The latter is especially significant, because without this extension of the term "anti-Semitism" to include criticism of Israeli politics, the accusation is often unfounded. In the case of Grass, too, it would not apply. The words "Jew" or "Jewish" do not appear anywhere in the poem; he writes only of Israel.
And it is here that we touch on the sore point in this whole debate. If all criticism of Israeli policy were indeed anti-Semitism, Grass would be right, and obviously we would really not be able to criticize Israeli policy.
However, it is in fact only extremely right-wing and, noticeably often, anti-Islamic commentators or media such as Die Welt or anti-Islamic blogs like "Politically Incorrect" and "Die Achse des Guten" that go so far as to immediately brand every criticism of Israeli policy a modern form of anti-Semitism.
In fact, the assertion that Israel cannot or may not be criticized (especially in Germany) is just as absurd as the assertion – made, incidentally, by those same right-leaning journalists and blogs – that Islam cannot or may not be criticized here in Germany.
No, Grass and his critics are both equally wrong: it is possible to criticize Israeli policy, even here in Germany; and someone who does this is not automatically an anti-Semite, even if he was in the Waffen-SS in his youth and concealed this fact – out of shame! – for far too long.
A banal piece of work
Looked at objectively, the debate about the poem is as lacking in substance as the poem itself, which is of no lyrical value even as a prose poem. It comes across as clumsy, even schoolboyish. It is embarrassing, not because its content might be considered scandalous, but because it is a weak and banal piece of work.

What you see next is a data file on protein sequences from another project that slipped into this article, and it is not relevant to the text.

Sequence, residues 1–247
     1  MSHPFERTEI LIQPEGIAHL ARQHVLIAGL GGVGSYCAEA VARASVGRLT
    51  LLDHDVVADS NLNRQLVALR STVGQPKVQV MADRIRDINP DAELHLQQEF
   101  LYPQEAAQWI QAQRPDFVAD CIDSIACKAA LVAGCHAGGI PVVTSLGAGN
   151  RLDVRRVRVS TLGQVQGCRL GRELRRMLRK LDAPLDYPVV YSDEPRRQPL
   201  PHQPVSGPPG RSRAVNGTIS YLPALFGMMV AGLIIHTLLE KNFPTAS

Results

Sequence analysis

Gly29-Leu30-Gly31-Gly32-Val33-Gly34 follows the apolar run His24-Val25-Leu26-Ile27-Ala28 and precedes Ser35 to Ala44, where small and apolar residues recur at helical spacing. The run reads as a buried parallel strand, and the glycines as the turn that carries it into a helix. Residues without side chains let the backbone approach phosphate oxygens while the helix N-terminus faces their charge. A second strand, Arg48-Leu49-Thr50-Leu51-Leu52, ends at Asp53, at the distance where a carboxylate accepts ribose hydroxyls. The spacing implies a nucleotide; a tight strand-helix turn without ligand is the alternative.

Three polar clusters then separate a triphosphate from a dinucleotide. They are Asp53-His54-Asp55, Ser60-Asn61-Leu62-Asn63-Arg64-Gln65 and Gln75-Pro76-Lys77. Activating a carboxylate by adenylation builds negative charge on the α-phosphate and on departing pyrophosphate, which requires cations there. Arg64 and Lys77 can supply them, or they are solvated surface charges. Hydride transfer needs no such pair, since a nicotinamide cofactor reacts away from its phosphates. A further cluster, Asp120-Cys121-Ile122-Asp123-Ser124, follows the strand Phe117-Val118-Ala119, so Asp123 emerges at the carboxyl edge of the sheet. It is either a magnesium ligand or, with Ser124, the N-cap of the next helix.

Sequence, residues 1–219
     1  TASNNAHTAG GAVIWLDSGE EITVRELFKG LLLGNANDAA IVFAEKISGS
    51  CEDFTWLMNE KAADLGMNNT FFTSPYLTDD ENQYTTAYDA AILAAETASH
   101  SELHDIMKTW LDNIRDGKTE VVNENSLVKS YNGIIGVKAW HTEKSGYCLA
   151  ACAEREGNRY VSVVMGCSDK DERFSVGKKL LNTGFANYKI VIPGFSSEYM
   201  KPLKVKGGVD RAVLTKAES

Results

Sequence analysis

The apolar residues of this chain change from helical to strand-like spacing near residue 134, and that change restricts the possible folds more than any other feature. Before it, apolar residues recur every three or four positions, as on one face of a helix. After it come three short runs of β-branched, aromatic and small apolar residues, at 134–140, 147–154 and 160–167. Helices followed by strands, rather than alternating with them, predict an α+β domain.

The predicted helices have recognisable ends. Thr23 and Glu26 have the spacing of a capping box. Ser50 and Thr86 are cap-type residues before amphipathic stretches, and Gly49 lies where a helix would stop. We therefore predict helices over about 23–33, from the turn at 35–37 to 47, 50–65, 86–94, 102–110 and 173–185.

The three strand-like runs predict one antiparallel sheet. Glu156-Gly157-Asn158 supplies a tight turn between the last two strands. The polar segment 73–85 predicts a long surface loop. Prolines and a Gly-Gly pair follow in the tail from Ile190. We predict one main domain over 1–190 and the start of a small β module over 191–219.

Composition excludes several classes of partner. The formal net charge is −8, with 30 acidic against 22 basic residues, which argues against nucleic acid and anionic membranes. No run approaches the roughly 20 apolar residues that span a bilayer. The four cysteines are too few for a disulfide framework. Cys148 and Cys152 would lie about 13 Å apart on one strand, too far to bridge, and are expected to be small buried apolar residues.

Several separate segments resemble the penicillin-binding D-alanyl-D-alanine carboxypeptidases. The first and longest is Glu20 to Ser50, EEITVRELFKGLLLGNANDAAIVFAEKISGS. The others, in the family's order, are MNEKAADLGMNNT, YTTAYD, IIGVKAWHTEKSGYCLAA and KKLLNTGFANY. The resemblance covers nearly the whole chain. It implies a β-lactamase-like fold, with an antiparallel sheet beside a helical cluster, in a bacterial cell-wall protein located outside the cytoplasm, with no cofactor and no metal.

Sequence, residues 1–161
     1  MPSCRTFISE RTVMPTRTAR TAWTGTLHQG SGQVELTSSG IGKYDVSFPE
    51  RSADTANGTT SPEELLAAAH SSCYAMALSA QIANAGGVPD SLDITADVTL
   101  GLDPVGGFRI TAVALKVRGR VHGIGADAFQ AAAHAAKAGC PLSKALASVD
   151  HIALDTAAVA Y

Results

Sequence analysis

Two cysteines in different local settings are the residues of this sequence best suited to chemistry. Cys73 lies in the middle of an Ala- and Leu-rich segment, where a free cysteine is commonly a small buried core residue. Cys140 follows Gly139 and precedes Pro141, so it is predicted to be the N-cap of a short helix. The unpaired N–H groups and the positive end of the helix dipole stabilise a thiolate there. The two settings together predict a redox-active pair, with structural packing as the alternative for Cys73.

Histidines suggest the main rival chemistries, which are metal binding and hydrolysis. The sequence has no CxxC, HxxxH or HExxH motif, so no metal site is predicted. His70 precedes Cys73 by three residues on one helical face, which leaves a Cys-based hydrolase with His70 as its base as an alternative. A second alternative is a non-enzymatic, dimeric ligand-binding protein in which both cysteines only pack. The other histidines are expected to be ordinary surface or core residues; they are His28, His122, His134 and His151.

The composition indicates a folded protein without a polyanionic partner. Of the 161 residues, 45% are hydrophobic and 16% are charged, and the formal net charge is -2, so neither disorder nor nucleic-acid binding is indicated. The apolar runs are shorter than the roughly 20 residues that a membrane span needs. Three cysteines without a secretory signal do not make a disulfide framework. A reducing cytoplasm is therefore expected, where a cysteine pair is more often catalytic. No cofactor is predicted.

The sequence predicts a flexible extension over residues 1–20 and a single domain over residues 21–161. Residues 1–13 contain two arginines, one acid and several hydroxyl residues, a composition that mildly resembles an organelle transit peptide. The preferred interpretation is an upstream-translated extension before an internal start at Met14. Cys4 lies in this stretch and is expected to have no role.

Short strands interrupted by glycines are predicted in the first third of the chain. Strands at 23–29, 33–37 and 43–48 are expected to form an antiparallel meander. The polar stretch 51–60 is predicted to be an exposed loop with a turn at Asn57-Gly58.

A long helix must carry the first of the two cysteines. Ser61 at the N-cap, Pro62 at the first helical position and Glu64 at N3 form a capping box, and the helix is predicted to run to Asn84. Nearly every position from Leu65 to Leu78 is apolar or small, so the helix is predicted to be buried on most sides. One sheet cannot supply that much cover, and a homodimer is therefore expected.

However, what is far worse are the disastrous ramifications of this text. It does a terrible disservice to the cause it professes to defend. This cause is pacifism, comprehended not as an absolute, naïve principle, but as the intent not to allow conflicts to escalate to the use of force and instead to resolve them peacefully, insofar as this is possible.
But in order to do this, nothing is more important than objectivity and clarity in one's positions and arguments. Exaggerations and apocalyptic visions like those in Grass's poem are not appropriate in this context. All they do is bring rabble-rousers and warmongers onto the scene and offer them a welcome opportunity to discredit those who seek a non-violent solution.
This poem has made it even more difficult, even more of a minefield than it already was, to have an objective debate on the question of whether the current Israeli policy on Iran is wise or not.
The other negative consequence of the poem seems negligible in comparison, by which I mean the damage Grass has done to his own reputation. Not because he might be an anti-Semite, but because he, a Nobel Prize winner, has in his twilight years dwindled into a feeble literary figure who is obviously surrounded by terrible advisers.
© Qantara.de 2012
Translated from the German by Charlotte Collins
Stefan Weidner is an Islamic scholar, translator and editor-in-chief of Fikrun wa Fann/Art&Thought. His most recent publication is Aufbruch in die Vernunft: Islamdebatten und Islamische Welt zwischen 9/11 und den arabischen Revolutionen [Moving Towards Reason – Debates about Islam and the Islamic World from 9/11 to the Arab Revolutions], Dietz-Verlag, Bonn 2011.
Editor: Aingeal Flanagan/Qantara.de